Cardio IQ Diabetes Risk Panel with Score Most Popular

The following is a list of what is included in the item above. Click the test(s) below to view what biomarkers are measured along with an explanation of what the biomarker is measuring.




Chol/HDLC Ratio

Cholesterol, Total

Cholesterol is a waxy, fat-like substance that occurs naturally in all parts of the body. Your body needs some cholesterol to work properly. But if you have too much in your blood, it can combine with other substances in the blood and stick to the walls of your arteries. This is called plaque. Plaque can narrow your arteries or even block them. High levels of cholesterol in the blood can increase your risk of heart disease. Your cholesterol levels tend to rise as you get older. There are usually no signs or symptoms that you have high blood cholesterol, but it can be detected with a blood test. You are likely to have high cholesterol if members of your family have it, if you are overweight or if you eat a lot of fatty foods. You can lower your cholesterol by exercising more and eating more fruits and vegetables. You also may need to take medicine to lower your cholesterol.



A blood glucose test measures the amount of a sugar called glucose in a sample of your blood. Glucose is a major source of energy for most cells of the body, including those in the brain. The hormones insulin and glucagon help control blood glucose levels.

HDL Cholesterol

Height Feet

Hemoglobin A1c

The A1c test evaluates the average amount of glucose in the blood over the last 2 to 3 months. It does this by measuring the concentration of glycated (also often called glycosylated) hemoglobin A1c. Hemoglobin is an oxygen-transporting protein found inside red blood cells (RBCs). There are several types of normal hemoglobin, but the predominant form – about 95-98% – is hemoglobin A. As glucose circulates in the blood, some of it spontaneously binds to hemoglobin A. The hemoglobin molecules with attached glucose are called glycated hemoglobin. The higher the concentration of glucose in the blood, the more glycated hemoglobin is formed. Once the glucose binds to the hemoglobin, it remains there for the life of the red blood cell – normally about 120 days. The predominant form of glycated hemoglobin is referred to as HbA1c or A1c. A1c is produced on a daily basis and slowly cleared from the blood as older RBCs die and younger RBCs (with non-glycated hemoglobin) take their place. This test is used to monitor treatment in someone who has been diagnosed with diabetes. It helps to evaluate how well their glucose levels have been controlled by treatment over time. This test may be used to screen for and diagnose diabetes or risk of developing diabetes. In 2010, clinical practice guidelines from the American Diabetes Association (ADA) stated that A1c may be added to fasting plasma glucose (FPG) and oral glucose tolerance test (OGTT) as an option for diabetes screening and diagnosis. For monitoring purposes, an A1c of less than 7% indicates good glucose control and a lower risk of diabetic complications for the majority of diabetics. However, in 2012, the ADA and the European Association for the Study of Diabetes (EASD) issued a position statement recommending that the management of glucose control in type 2 diabetes be more "patient-centered." Data from recent studies have shown that low blood sugar (hypoglycemia) can cause complications and that people with risk of severe hypoglycemia, underlying health conditions, complications, and a limited life expectancy do not necessarily benefit from having a stringent goal of less than 7% for their A1c. The statement recommends that people work closely with their doctor to select a goal that reflects each person's individual health status and that balances risks and benefits.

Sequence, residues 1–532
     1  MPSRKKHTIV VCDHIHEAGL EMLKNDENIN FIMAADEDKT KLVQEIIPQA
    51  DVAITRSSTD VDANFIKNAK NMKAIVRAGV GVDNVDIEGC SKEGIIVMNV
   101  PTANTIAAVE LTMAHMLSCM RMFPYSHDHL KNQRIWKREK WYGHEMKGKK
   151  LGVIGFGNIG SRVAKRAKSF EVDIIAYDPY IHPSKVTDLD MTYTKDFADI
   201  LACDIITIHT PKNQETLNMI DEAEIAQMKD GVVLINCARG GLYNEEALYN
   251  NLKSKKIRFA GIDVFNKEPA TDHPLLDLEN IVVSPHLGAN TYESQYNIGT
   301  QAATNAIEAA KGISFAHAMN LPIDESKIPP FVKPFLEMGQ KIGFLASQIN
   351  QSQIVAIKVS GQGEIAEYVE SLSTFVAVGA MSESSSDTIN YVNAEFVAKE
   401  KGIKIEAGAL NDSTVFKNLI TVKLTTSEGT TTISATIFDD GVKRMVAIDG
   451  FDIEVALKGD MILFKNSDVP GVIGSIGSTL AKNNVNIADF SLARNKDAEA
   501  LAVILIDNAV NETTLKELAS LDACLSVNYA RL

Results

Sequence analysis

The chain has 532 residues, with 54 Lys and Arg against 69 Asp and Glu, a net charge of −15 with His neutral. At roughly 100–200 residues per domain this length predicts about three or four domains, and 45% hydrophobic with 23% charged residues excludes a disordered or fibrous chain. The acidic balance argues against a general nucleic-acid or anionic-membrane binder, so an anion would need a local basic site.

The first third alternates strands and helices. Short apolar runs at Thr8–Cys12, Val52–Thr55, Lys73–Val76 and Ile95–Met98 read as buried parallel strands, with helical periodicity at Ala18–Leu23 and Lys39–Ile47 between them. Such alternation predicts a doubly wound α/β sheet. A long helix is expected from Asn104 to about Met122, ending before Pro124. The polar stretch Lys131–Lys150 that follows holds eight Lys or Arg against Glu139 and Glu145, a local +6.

Non HDL Cholesterol





Triglycerides are a form of fat and a major source of energy for the body. This test measures the amount of triglycerides in the blood. Most triglycerides are found in fat (adipose) tissue, but some triglycerides circulate in the blood to provide fuel for muscles to work. After a person eats, an increased level of triglycerides is found in the blood as the body converts the energy not needed right away into fat. Triglycerides move via the blood from the gut to adipose tissue for storage. In between meals, triglycerides are released from fat tissue to be used as an energy source for the body. Most triglycerides are carried in the blood by lipoproteins called very low density lipoproteins (VLDL). High levels of triglycerides in the blood are associated with an increased risk of developing cardiovascular disease (CVD), although the reason for this is not well understood. Certain factors can contribute to high triglyceride levels and to risk of CVD, including lack of exercise, being overweight, smoking cigarettes, consuming excess alcohol, and medical conditions such as diabetes and kidney disease.